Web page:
Style Revamp wanted to design a functional and stunning farm table that would work in any family space.
The family table is the connection point in the home. It is where the exchange of conversations occur; ideas are shared, relationships flourish, and your voice is heard. It is an opportunity to build trust, love, and encouragement in one another. Your table does not have to be fancy or expensive. It can be as simple as a picnic table or a homemade DIY functional farm table built from 2 x 4’s & 2 x 8’s. Our idea of a family table is a surface that is rustic, worn, and overflows with character and grab’s you at hello!
We are super excited to share how this project turned out. The inspiration for this design came from two talented DIY wood working sisters at Shanty2Chic. They built a beautiful farm table that we fell in love with and just had to find someone to build it for, or it would have been me. You must jump over to their website and take a peek for yourself. They even provide the design plans for the table and benches too. The benches are beautiful. Hopefully, they will appear in our home one day soon:)
Our clients (friends) needed a table for their dining room, and they also fell in love with the Shanty2Chic design plans. The farm table design needed to be functional for our clients space, mobile, and of stunning. In addition, they desired off white and light grey color tones to compliment their interior space. So this required a few changes to the existing farm table design plans.
The dimensions for this table needed to be 33″ x 78″ x 30″ height with the 4 swivel casters. The swivel casters add another layer of texture and character to this stunning table. Oh, and of course make it mobile.
Why this design?
We made two decisions that changed our approach to this project: First, the table that inspired us was 37″ x 96″ x 30″ high. Our table needed to fit in a smaller space and had to be mobile. Our dimensions are 32″ x 78″ x 30″ high which included 4″ swivel casters. What this meant, is that the material dimensions provided in the plans would be a little different for the table we were designing. The second change was the table top. This table would be a place for homework and crafts, so we chose to have a smooth top without surface variations. Typically lumber purchased from your local lumber yard is milled and comes with an “eased” edge. When these edges are joined, they form a slight groove or channel. Normally this is a standard furniture feature and, in fact, is on our dining room table at home. Sadly, however, when writing, it is a great place for a pencil to poke through the paper and can be somewhat frustrating. So, the eased edges needed to be removed for our plan.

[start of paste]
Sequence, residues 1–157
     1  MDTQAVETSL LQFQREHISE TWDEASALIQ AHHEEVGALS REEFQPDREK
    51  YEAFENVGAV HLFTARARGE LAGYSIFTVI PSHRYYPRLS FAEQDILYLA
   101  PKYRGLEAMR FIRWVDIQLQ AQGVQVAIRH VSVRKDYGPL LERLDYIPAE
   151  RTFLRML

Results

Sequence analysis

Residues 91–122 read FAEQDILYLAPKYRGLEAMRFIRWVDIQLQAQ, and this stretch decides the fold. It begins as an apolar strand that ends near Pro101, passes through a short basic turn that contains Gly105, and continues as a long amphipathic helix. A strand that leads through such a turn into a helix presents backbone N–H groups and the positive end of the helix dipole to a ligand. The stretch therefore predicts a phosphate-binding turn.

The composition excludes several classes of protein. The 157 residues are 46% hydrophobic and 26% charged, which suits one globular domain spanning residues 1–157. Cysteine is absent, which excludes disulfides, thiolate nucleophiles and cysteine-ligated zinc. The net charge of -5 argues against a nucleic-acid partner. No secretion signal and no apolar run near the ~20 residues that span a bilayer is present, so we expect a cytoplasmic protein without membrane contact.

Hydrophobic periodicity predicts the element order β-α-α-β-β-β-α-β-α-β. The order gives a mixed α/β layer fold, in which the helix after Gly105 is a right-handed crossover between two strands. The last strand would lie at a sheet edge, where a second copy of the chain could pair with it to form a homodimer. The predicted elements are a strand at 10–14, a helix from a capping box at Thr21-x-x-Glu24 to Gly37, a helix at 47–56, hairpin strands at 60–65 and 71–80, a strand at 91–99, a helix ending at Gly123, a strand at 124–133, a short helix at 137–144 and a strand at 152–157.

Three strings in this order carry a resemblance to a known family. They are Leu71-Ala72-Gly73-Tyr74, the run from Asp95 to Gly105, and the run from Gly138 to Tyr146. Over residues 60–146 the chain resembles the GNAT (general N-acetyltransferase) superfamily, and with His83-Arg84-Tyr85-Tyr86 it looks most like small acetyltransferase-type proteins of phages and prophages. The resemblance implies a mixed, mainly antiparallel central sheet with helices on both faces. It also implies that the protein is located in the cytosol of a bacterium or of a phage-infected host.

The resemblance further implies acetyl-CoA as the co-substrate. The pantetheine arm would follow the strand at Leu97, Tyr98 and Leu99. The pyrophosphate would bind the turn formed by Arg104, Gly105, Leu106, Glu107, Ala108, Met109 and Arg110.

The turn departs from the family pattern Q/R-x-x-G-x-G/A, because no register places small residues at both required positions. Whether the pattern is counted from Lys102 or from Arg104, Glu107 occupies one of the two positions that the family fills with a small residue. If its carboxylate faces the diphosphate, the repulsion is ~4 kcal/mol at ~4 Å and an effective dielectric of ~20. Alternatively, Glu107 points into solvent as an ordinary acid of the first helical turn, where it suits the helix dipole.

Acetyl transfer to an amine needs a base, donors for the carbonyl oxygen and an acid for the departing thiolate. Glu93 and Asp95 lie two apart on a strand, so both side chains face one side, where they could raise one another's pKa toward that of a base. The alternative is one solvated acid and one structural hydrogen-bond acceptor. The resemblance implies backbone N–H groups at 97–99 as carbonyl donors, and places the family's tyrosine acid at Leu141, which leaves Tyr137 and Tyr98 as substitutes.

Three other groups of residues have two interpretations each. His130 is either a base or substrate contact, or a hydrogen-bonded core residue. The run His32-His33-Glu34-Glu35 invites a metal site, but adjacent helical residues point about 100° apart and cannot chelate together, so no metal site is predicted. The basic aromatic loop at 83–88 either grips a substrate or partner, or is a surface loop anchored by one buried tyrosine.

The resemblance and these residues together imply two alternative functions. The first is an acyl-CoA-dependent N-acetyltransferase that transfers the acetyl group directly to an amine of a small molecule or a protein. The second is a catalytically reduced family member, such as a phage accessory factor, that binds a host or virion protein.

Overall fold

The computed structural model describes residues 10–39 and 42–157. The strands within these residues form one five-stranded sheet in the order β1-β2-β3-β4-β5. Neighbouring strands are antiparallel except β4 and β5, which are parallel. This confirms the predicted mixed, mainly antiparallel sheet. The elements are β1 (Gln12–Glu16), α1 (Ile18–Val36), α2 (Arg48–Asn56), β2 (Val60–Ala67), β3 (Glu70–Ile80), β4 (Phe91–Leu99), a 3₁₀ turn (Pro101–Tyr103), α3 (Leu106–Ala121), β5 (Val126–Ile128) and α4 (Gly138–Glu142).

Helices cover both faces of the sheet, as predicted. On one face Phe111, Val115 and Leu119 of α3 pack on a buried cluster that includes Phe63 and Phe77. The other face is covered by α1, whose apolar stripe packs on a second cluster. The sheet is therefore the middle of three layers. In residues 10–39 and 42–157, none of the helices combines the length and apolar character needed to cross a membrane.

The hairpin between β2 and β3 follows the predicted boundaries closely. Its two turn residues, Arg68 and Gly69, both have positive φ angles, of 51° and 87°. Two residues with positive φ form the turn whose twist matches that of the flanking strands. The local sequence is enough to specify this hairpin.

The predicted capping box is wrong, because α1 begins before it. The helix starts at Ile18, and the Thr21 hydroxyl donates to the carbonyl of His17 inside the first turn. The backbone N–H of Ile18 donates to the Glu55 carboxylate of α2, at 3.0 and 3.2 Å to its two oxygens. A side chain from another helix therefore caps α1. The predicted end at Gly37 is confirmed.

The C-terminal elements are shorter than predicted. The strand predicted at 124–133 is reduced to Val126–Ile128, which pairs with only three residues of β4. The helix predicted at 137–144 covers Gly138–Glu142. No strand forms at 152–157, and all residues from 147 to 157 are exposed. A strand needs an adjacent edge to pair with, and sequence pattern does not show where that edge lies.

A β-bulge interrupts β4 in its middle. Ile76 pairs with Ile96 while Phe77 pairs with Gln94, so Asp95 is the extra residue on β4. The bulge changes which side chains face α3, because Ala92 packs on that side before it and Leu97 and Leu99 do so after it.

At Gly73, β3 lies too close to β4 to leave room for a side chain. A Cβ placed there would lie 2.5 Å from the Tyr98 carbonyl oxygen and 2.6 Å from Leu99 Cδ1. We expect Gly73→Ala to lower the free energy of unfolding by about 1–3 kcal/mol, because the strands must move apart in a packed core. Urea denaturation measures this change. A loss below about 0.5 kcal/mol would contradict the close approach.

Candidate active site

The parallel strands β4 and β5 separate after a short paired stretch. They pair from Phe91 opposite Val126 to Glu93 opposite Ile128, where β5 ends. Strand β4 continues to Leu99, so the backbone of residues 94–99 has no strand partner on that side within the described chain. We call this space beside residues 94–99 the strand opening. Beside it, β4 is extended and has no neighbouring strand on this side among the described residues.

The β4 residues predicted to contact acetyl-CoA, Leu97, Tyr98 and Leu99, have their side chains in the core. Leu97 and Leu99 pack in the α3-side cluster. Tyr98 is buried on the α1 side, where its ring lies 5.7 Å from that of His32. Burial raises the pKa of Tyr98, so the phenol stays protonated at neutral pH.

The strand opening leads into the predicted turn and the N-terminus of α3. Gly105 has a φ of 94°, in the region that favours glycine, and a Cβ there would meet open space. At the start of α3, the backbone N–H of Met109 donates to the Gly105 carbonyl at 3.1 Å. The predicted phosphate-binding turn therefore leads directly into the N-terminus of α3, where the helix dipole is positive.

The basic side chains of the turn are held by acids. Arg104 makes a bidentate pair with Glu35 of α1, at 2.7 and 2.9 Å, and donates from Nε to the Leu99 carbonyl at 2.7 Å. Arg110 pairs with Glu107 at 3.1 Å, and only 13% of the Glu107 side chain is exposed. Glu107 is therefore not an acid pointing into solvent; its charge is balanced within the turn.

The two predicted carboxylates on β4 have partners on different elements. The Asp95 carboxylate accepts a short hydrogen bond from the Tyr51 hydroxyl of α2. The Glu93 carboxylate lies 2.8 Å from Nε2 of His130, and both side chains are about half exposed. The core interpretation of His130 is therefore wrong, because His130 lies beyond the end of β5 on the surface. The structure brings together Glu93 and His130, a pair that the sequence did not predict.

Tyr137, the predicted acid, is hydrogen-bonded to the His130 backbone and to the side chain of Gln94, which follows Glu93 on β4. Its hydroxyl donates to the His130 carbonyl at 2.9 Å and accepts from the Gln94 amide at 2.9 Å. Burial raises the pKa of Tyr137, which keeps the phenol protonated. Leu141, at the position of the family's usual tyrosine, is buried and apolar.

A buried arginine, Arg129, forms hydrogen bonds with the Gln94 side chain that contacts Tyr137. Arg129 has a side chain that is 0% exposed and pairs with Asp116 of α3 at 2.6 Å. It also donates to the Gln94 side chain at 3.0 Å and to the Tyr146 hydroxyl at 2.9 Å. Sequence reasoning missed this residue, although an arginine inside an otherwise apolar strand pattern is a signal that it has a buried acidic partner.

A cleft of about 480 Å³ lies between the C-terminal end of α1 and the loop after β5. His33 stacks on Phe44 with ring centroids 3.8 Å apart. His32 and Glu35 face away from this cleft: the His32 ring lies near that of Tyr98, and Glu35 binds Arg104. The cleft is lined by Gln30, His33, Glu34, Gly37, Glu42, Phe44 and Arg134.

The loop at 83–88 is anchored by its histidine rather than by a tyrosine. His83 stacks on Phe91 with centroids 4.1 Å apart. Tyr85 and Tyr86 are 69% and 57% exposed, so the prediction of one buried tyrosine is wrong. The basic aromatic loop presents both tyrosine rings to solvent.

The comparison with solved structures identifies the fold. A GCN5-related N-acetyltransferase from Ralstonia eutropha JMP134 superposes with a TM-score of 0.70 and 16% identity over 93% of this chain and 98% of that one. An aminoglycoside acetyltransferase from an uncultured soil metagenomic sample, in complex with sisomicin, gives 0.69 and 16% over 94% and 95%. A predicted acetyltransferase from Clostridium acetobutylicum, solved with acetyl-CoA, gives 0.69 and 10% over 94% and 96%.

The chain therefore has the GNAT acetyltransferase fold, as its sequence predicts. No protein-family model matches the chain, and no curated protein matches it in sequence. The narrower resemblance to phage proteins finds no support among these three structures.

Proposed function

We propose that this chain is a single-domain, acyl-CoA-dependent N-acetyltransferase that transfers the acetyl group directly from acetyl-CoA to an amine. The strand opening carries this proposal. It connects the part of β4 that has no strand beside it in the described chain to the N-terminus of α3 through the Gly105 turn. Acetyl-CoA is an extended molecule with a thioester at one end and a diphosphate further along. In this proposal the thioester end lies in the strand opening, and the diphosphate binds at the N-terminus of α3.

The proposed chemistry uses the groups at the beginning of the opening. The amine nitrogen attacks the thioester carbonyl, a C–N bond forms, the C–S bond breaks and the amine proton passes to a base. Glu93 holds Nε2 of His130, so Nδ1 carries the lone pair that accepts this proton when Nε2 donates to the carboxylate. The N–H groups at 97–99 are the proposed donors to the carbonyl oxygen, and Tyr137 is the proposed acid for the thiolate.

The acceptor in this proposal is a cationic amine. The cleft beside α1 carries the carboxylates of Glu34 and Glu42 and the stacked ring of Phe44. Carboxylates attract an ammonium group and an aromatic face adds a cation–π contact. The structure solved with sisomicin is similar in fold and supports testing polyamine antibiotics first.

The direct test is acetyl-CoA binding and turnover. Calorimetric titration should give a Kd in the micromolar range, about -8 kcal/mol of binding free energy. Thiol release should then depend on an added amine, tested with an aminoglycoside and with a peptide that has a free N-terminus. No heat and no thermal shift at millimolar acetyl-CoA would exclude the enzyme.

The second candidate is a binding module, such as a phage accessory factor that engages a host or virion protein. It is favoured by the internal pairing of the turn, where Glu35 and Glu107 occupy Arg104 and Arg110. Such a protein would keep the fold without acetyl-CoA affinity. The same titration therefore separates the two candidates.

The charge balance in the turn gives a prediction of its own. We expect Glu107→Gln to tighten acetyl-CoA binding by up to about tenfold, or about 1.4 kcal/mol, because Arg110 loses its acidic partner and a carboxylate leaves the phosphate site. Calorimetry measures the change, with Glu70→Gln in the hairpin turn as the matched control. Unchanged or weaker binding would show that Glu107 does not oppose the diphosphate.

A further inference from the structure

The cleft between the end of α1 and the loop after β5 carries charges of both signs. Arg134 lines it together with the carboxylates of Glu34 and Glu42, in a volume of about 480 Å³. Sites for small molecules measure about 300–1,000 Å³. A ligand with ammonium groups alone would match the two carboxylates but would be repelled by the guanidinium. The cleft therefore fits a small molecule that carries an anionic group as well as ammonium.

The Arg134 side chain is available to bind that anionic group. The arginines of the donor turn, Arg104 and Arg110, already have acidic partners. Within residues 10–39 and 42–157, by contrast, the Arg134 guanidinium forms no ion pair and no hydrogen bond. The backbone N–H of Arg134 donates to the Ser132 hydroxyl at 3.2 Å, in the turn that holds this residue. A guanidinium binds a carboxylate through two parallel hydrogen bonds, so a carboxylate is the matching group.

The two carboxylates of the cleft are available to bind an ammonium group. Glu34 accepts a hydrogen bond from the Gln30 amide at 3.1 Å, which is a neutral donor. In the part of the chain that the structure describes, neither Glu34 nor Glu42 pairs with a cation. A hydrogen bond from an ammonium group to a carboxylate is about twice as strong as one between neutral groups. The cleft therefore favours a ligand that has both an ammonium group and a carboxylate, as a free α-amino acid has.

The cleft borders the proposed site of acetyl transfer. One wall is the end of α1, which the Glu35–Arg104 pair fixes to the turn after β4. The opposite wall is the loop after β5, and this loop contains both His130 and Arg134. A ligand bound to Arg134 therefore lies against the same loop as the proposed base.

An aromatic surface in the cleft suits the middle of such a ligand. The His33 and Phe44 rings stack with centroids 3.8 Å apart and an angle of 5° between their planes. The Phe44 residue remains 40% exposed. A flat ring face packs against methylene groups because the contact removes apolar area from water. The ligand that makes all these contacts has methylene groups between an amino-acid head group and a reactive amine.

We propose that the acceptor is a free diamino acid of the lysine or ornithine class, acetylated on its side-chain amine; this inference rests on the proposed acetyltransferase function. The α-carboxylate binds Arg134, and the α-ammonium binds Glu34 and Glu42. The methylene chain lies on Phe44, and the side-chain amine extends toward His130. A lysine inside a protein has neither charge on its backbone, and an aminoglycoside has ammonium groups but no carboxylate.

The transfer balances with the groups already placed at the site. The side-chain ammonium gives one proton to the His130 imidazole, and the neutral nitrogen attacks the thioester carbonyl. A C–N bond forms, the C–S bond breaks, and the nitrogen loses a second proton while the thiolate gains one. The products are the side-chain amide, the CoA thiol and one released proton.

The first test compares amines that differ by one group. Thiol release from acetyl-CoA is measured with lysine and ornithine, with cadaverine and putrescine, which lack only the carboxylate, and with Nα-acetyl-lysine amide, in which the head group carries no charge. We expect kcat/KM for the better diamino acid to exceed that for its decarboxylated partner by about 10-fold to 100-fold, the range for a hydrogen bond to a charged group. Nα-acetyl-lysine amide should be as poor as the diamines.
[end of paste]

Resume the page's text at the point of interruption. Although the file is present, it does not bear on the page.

The Farm Table Pedestal Base
We call this the “X” piece. (#1) If you divide it vertically down the middle, it looks like 2 back-to-back “K’s” made from 2x4s. These “K” pieces are the first thing that you make… you make 4 of them, 2 for each pedestal. I used 2 ½” wood screws and glue to assemble. Now make the “X” piece by gluing and nailing 2 “K” pieces back to back. I used 2 ½” nails with a nail gun. Now you can assemble the (#2) and (#3) horizontal pieces as shown using glue and 2” wood screws. When finished, you will have 2 pedestal ends as pictured. You are now ready to assemble the cross pieces to complete the table base.
Assemble the (#2 and #4) horizontal cross pieces of lumber to the pedestal end (#1) using 8 – 8” head lock bolts. We predrilled pilot holes through the pedestal ends and let the head lock bolts self-tap (this means a screw that can tap it’s own hole as it is driven into it) which creates it’s own hole into the horizontal pieces for a very tight fit. The diagonal pieces (#3) of lumber were similarly attached to the horizontal pieces using 6” headlock bolts. Again, we drilled a pilot hole and let the bolt self-tap to the horizontal piece for a tight connection. Your table base is built. You are ready to putty and sand as necessary before the finishing process.
The Farm Table Top:
The table top was built using 2×8 pieces of lumber: